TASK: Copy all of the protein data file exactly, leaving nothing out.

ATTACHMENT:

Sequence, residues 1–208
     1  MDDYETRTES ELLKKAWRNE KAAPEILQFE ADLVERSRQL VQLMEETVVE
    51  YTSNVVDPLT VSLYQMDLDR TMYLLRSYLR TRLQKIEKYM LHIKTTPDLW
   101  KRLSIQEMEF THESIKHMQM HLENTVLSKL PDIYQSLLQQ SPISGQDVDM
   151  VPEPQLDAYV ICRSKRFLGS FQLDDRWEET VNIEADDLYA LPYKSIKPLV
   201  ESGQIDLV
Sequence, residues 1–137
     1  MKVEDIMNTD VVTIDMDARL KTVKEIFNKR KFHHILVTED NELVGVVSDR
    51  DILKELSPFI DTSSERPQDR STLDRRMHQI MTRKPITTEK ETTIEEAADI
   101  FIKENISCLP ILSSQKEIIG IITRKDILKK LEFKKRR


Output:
Sequence, residues 1–208
     1  MDDYETRTES ELLKKAWRNE KAAPEILQFE ADLVERSRQL VQLMEETVVE
    51  YTSNVVDPLT VSLYQMDLDR TMYLLRSYLR TRLQKIEKYM LHIKTTPDLW
   101  KRLSIQEMEF THESIKHMQM HLENTVLSKL PDIYQSLLQQ SPISGQDVDM
   151  VPEPQLDAYV ICRSKRFLGS FQLDDRWEET VNIEADDLYA LPYKSIKPLV
   201  ESGQIDLV
Sequence, residues 1–137
     1  MKVEDIMNTD VVTIDMDARL KTVKEIFNKR KFHHILVTED NELVGVVSDR
    51  DILKELSPFI DTSSERPQDR STLDRRMHQI MTRKPITTEK ETTIEEAADI
   101  FIKENISCLP ILSSQKEIIG IITRKDILKK LEFKKRR